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Saturday, August 13, 2011

There HAS To Be A Better Way

It is pretty unusual for a truly wealthy person to say something more than a carefully sanitized press release. Warren Buffet has talked about the economy in a straight forward way, and given valuable advice, which unfortunately, the majority party in the House, chose to ignore.

Now Mark Cuban's comments about the stock market have been published, and they are straight talk.  Mr Cuban is the owner of the "Dallas Mavericks" NBA franchise.  According to the New York Post, "He sold his Internet start-up in 1999 for $5.9 billion in Yahoo! stock -- and he says he's been involved in the stock market for the better part of a decade." His stock market activities were not for entertainment, but to increase his already considerable wealth.  Mr. Cuban is considered a successful businessman, and his ability to finance an NBA team and support the payroll necessary to take the team to a championship should validate those credentials. That means Mr. Cuban knows how to profit from investing in the stock market.

Now the market today does not function the way it was originally intended to.  The market was designed as a way for corporations to raise capital without borrowing from banks.  Rather than borrow from a bank, the corporation issues stock certificates and in effect is borrowing from the stockholders who buy the certificates.  In the beginning, people bought stock in companies they believed were financially strong, and would be profitable.  They held the stock for long periods of time, and received dividends from the company when it was profitable.  This is a little more risky than putting money in a savings account and getting a fixed interest rate, but a well run company will often provide a higher rate of return than a savings account, so it was a good investment choice when the economy was stable or growing.  People built wealth slowly by collecting and reinvesting dividends.  At some point, speculation came into the market, and I believe most of our historical economic ills can be tied in one way or another to this form of unrestrained greed.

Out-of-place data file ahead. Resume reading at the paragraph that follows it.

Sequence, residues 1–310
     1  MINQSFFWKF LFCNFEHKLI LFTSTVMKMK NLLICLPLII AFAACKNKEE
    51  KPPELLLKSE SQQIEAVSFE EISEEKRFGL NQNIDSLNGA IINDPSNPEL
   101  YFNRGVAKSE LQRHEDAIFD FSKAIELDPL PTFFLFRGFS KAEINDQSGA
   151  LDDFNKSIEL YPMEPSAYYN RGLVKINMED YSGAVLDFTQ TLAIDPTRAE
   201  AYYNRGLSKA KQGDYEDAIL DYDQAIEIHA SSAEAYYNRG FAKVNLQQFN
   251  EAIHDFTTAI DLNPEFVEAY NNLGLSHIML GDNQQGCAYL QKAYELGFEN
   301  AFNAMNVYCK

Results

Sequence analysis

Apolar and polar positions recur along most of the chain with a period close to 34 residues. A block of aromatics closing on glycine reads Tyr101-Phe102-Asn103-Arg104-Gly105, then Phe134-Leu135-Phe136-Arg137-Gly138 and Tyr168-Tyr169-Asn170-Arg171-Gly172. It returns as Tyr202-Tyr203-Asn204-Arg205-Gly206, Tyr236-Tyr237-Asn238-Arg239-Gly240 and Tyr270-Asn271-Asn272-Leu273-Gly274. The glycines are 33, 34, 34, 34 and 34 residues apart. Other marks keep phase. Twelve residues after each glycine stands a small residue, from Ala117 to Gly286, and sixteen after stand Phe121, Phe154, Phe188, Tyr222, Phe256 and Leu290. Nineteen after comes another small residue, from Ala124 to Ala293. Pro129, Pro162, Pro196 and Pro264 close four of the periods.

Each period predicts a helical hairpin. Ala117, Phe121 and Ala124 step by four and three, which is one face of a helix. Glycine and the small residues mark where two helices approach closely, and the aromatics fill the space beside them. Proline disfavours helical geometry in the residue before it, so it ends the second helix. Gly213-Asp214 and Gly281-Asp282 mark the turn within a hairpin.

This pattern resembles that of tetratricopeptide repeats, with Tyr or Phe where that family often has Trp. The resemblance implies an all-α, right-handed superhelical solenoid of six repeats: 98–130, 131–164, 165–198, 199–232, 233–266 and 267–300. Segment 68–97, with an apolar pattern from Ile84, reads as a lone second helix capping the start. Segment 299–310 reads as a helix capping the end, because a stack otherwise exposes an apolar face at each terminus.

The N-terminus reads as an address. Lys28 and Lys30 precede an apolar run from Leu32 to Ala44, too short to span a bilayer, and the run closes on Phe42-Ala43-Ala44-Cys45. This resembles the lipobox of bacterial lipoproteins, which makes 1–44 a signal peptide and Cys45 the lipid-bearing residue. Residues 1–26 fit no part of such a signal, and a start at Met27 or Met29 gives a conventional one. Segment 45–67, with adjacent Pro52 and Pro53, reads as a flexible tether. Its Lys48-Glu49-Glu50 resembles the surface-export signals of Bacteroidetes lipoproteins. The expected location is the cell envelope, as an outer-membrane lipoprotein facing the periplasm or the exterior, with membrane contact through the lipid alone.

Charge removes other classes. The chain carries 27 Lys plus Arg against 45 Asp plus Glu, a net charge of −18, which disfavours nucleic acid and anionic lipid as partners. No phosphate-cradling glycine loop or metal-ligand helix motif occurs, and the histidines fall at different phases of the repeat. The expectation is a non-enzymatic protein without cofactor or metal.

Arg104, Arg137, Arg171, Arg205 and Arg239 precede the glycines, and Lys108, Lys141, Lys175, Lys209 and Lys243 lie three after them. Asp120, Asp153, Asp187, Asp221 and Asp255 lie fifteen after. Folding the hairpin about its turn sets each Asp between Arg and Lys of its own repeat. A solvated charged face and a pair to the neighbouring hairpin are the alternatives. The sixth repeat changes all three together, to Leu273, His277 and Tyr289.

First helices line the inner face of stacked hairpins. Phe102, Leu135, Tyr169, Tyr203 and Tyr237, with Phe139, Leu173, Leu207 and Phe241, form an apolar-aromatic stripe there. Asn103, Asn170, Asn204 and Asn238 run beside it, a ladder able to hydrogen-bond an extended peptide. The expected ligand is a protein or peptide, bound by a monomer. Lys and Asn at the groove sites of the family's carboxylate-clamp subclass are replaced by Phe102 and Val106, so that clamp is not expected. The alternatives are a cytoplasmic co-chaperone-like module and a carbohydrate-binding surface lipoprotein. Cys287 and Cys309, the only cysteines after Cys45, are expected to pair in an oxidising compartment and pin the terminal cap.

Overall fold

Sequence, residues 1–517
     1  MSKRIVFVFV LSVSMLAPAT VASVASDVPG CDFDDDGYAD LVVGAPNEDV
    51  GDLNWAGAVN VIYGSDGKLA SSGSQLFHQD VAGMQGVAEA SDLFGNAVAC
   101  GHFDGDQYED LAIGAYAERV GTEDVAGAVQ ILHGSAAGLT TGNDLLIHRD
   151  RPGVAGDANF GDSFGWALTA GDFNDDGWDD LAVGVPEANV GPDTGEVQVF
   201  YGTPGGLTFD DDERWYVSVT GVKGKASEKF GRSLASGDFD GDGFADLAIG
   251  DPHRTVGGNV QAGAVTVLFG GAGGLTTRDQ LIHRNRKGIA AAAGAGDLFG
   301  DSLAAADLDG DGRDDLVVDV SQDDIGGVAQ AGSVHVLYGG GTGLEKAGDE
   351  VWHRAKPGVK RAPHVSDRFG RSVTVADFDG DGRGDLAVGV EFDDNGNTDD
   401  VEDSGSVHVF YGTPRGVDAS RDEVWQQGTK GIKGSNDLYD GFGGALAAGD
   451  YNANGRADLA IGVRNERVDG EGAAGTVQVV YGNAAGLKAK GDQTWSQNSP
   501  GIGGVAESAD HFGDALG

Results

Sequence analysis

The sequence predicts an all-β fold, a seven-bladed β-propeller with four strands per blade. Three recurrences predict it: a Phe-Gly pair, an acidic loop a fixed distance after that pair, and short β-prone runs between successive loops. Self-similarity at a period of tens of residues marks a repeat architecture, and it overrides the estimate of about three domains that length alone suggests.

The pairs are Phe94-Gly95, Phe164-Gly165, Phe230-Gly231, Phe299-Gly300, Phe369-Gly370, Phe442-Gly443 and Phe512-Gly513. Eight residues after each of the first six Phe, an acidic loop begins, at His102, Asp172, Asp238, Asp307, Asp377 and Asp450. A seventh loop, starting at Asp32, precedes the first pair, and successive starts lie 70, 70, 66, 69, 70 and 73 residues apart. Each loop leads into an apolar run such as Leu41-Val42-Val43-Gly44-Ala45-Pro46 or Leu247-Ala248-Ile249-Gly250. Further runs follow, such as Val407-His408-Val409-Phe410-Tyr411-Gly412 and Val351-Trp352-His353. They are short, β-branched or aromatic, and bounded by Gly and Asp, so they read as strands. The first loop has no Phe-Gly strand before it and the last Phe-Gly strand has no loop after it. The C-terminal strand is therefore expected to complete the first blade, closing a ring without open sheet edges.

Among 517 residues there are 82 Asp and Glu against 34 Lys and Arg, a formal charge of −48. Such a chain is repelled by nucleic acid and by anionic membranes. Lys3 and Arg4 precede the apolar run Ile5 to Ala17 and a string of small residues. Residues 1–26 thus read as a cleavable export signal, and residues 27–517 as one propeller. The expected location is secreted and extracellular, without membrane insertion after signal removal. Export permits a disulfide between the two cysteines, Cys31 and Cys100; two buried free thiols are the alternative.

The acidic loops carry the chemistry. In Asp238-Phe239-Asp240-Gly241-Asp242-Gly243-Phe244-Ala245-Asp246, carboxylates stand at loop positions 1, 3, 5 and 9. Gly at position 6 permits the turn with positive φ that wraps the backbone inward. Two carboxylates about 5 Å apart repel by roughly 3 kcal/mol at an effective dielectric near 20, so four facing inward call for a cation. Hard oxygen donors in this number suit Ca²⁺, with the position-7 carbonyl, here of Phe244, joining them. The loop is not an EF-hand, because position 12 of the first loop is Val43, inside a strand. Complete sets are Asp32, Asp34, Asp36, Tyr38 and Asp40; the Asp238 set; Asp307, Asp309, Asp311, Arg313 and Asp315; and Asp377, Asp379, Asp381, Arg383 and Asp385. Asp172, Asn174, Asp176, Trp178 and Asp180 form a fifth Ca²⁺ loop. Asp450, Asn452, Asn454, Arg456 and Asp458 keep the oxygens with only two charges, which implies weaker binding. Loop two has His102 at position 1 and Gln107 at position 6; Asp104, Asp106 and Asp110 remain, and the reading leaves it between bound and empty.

Here is what Mr. Cuban has to say about the cause of the current economic mess, as reported in The New York Post, via Yahoo:
"The only people who know what business Wall Street is in are the traders," Cuban wrote on May 9, 2010. "They know what business Wall Street is in better than everyone else. To traders, whether day traders or high frequency or somewhere in between, Wall Street has nothing to do with creating capital for businesses, its original goal. Wall Street is a platform. It's a platform to be exploited by every technological and intellectual means possible."

Cuban went on to make another point, about how entire nations are now bought and sold within seconds and even nanoseconds:
"It’s hard to believe," he wrote, "but evaluating countries as an investment is now easier than evaluating companies."
Lo and behold, the current malaise on Wall Street is tied not to the earnings of public companies -- which are largely strong -- but to the debt load of national economies.
But Cuban came back again to the traders, whom he called "hackers" because, he said, they look for weaknesses in the system to exploit for short-term gain.
"The Government needs to create incentives for this business," he wrote, "and extract compensation from the traders/hackers for the systemic failure level of risk they introduce."
He concluded again in bold text with a scary forecast that, although not completely unique to him, now looks more and more accurate:
"There will be another crash, because there are too many players looking for the trillion dollar score."
The market is not operating as it was designed, and speculation is driving, what will surely become wider and wilder swings.  This is bad for business, and it is especially bad for the American people.  We have many other markets operating that are also a cause of economic problems.  Commodities markets were designed as a way to ensure the supply chain would deliver agricultural products reliably and steadily, rather than all in one huge wave at harvest time.  Industrial food processing is more profitable when there is a steady stream of food to be processed, rather than one huge flood each year.  However, speculation has caused instability and unnecessary inflation in food, oil, and other raw material prices.

There has to be a better way. We need to be able to get food and raw materials to market in a steady, predictable stream for efficiency, which SHOULD translate to lower prices; BUT, we need to eliminate speculation, which isn't good for anyone except the greedy speculator. We also need an efficient way for businesses to have access to capital needed to finance expansion, volume purchases, or replacing old equipment; BUT, we need to make sure our financial markets are not vulnerable to the speculator.

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